Eric said...

"We still wonder if a program encouraging home ownership could have prevented the privatization debacles at Moody, Patrick, Hanscom and Little Rock.

While some privatized developments have been successful, that success has come at a price, allowing developers to "define" military communities, and putting corporate profits ahead of unit morale and cohesion."

'splain something. How does encouraging people to buy homes off base, scattered among the civilian community contribute more to "unit morale and cohesion" than having a contractor build base housing that concentrates the military community, even if it apparently might also have some civlian renters among it?

Also 'splain: I believe the privatized development contains at least 38 projects, with some projects covering as many as five bases. And only four are in trouble? Why does it work at the others and not these four? These four are essentially one problem -- called "American Eagle." Why is this then a problem with the privatization concept?

Also, is the JAG general (and you) willing to build housing on all bases and require everybody to live on base so as to promote "unit morale and cohesion?" Remember that the reason this was done in the first place was to get some private $$ flowing into it, since it was not likely the government was going to fund all that housing itself.

I suspect the root problem was picking a contractor that didn't have the right stuff, and putting four eggs into that basket. At least in the case of private contractor companies, when they fail you can fire them and find some new guys.

Given there is apparently only one problem (American Eagle) affecting four bases out of 38 projects, I smell a hidden agenda of some sort behind the complaints about "privatization."


Unknown said...

Encouraging people to buy homes off-base doesn't necessarily build unit morale and cohesion; it does, however, encourage them to invest in the American Dream.

The concerns about privatized housing, which Gen Dunlap outlined in his op-ed, focus on bringing non-military renters into a military housing project. Let's assume that the typical military renter is paying less than he would in a wholly commercial development. Then, the developer of the military project can't charge more to his civilian tenets than he can to his military clients, without inviting lots of lawsuits and litigation. So, who does he wind up with--people looking for a bargain, and those who can't afford something nicer. And with that demographic comes increased crime, drug use, and other factors that would impact unit morale and cohesion.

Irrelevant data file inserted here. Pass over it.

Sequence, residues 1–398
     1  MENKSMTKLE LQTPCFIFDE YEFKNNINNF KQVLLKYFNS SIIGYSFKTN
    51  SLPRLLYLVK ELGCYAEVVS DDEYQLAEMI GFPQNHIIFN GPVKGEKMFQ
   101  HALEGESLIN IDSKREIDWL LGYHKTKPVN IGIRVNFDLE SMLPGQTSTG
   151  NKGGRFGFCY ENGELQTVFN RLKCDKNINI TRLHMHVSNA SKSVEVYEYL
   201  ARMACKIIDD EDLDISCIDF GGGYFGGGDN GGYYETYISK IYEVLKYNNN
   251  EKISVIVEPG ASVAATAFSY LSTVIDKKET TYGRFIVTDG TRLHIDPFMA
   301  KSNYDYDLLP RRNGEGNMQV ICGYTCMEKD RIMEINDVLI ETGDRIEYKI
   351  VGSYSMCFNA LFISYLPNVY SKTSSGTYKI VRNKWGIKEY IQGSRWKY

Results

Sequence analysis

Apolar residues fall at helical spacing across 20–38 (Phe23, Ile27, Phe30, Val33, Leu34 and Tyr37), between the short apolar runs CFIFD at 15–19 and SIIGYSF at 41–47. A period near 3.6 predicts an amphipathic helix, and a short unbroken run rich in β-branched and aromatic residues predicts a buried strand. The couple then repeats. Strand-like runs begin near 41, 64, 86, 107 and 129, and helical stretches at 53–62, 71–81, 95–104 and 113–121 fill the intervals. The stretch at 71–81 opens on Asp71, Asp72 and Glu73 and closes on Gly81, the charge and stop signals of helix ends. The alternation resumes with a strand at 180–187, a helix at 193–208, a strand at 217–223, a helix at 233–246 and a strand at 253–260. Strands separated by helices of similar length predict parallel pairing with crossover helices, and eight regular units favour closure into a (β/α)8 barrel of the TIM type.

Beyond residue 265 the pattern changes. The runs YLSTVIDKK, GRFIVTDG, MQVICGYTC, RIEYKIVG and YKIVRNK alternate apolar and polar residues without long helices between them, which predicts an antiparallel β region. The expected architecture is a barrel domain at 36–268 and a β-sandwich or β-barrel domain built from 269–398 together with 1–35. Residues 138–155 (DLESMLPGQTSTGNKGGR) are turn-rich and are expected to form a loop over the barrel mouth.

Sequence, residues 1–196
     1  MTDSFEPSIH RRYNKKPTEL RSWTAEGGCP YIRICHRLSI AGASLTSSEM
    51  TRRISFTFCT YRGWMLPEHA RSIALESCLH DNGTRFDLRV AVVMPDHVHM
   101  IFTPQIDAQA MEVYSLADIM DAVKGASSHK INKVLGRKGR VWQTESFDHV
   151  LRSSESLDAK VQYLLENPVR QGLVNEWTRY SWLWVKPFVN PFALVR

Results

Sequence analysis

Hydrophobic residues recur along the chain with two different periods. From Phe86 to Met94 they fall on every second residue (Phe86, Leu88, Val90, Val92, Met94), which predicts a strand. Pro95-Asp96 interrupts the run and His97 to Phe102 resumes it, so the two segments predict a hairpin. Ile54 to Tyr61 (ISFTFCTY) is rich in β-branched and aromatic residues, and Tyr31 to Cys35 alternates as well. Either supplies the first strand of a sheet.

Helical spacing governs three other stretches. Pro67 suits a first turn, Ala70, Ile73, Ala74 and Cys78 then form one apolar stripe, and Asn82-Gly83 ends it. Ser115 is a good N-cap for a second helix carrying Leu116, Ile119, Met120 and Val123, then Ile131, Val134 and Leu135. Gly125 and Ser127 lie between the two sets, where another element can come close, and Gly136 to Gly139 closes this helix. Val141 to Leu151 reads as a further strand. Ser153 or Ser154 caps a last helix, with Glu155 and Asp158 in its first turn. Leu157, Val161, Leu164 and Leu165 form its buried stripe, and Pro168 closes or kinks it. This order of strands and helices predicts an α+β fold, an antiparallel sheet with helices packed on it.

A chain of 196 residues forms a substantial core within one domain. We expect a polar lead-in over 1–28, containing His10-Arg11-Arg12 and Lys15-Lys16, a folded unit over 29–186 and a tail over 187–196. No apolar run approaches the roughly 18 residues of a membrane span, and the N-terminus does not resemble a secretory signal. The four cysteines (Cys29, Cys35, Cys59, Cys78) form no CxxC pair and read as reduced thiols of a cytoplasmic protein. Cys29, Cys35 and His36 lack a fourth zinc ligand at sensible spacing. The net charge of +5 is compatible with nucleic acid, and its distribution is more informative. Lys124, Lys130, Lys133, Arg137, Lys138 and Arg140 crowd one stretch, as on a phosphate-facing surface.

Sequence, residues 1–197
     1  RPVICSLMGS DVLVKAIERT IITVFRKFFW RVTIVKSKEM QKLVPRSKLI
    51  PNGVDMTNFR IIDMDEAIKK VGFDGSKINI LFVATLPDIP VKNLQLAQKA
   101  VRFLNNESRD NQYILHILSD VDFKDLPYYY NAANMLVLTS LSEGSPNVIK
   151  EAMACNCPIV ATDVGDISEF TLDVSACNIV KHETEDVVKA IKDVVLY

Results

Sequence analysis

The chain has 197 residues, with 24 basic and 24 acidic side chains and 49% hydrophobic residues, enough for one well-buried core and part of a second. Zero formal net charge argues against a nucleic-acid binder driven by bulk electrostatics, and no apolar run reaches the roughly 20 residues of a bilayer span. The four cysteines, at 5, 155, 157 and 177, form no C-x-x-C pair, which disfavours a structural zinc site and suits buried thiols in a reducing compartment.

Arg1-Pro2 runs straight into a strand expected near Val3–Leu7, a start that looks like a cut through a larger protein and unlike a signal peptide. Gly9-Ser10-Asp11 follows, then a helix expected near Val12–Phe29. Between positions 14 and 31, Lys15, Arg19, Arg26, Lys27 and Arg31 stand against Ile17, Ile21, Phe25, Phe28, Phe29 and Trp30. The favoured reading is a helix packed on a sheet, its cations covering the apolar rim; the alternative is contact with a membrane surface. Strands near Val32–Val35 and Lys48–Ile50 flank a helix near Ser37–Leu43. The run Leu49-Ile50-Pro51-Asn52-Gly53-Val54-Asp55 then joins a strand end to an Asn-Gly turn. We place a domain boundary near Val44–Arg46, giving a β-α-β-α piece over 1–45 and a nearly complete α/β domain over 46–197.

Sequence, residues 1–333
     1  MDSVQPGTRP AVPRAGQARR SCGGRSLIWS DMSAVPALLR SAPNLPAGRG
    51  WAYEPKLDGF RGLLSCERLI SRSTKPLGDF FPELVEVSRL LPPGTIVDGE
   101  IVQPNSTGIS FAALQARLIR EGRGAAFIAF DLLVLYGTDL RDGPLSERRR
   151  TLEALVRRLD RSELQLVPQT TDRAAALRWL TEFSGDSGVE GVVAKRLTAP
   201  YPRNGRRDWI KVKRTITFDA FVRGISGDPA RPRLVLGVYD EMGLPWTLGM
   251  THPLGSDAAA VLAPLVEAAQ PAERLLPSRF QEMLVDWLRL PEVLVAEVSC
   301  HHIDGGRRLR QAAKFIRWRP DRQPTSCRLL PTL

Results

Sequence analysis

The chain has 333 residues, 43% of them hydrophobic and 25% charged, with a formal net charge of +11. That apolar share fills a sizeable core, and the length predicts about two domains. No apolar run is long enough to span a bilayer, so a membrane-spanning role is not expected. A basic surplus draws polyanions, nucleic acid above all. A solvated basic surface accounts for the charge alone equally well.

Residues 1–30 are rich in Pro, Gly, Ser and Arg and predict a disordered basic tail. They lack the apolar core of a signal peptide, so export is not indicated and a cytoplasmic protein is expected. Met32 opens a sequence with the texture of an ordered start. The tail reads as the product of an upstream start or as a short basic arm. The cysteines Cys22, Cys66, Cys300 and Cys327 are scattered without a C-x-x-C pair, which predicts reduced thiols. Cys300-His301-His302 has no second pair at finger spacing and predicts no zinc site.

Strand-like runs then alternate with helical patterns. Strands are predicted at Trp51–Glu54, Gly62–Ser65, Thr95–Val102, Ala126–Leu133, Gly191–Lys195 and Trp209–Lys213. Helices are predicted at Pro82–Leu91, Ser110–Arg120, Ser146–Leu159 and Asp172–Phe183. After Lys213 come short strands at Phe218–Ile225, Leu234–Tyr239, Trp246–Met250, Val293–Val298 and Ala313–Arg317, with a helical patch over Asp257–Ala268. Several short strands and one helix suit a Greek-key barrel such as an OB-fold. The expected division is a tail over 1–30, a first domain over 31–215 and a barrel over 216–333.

Also, I think we're just seeing the tip of the iceberg with these developments and their financial problems. In addition to its four AF projects, American Eagle also had at least one Navy contract. Why has it been successful when the AF developments have failed? Is the Navy project in financial trouble as well? It's hard to imagine the developer could run one project successfully, while the others are up for sale.

I think we'll see more reports of these developments in trouble in the coming months. If you'll notice, the services are saying little about them, other than the residents are "happy" and occupancy rates are satisfactory. How about quantifying that. Also, how many "civilian" renters have been brought in to sustain these occupancy rates?

As the Air Force JAG, I believe that Dunlap has reviewed these "deals" and believes they are flawed, to say the least. Along with concerns about "defining" the community, you've also got contracts that are long (50 years in some cases). Additionally, I'm concerned about who might wind up owning these companies. DoD was embarassed to learn that the ChiComs are buying a chunk of L3 Communications, a major defense contractor. What's to keep a Chinese holding firm from buying up these developers and (possibly) putting DoD over a barrel, in terms of providing base housing.

I think that the privatized housing is symbolic of the entire A-76/Outsourcing process. A lot of savings were promised, but the results have been less-than-impressive. Privatized housing is probably a good idea in high cost of living areas, but in places where homes are affordable, the service would be better off by encouraging home ownership.

The privatization concept makes sense in Boston, Washington, D.C. SoCal, and other areas where rent and mortgage payments have hit the stratosphere. But using that approach in an area where the average home costs $117,000 was just plain dumb. Even dumber was awarding $3 billion in contracts to a firm with a history of financial problems.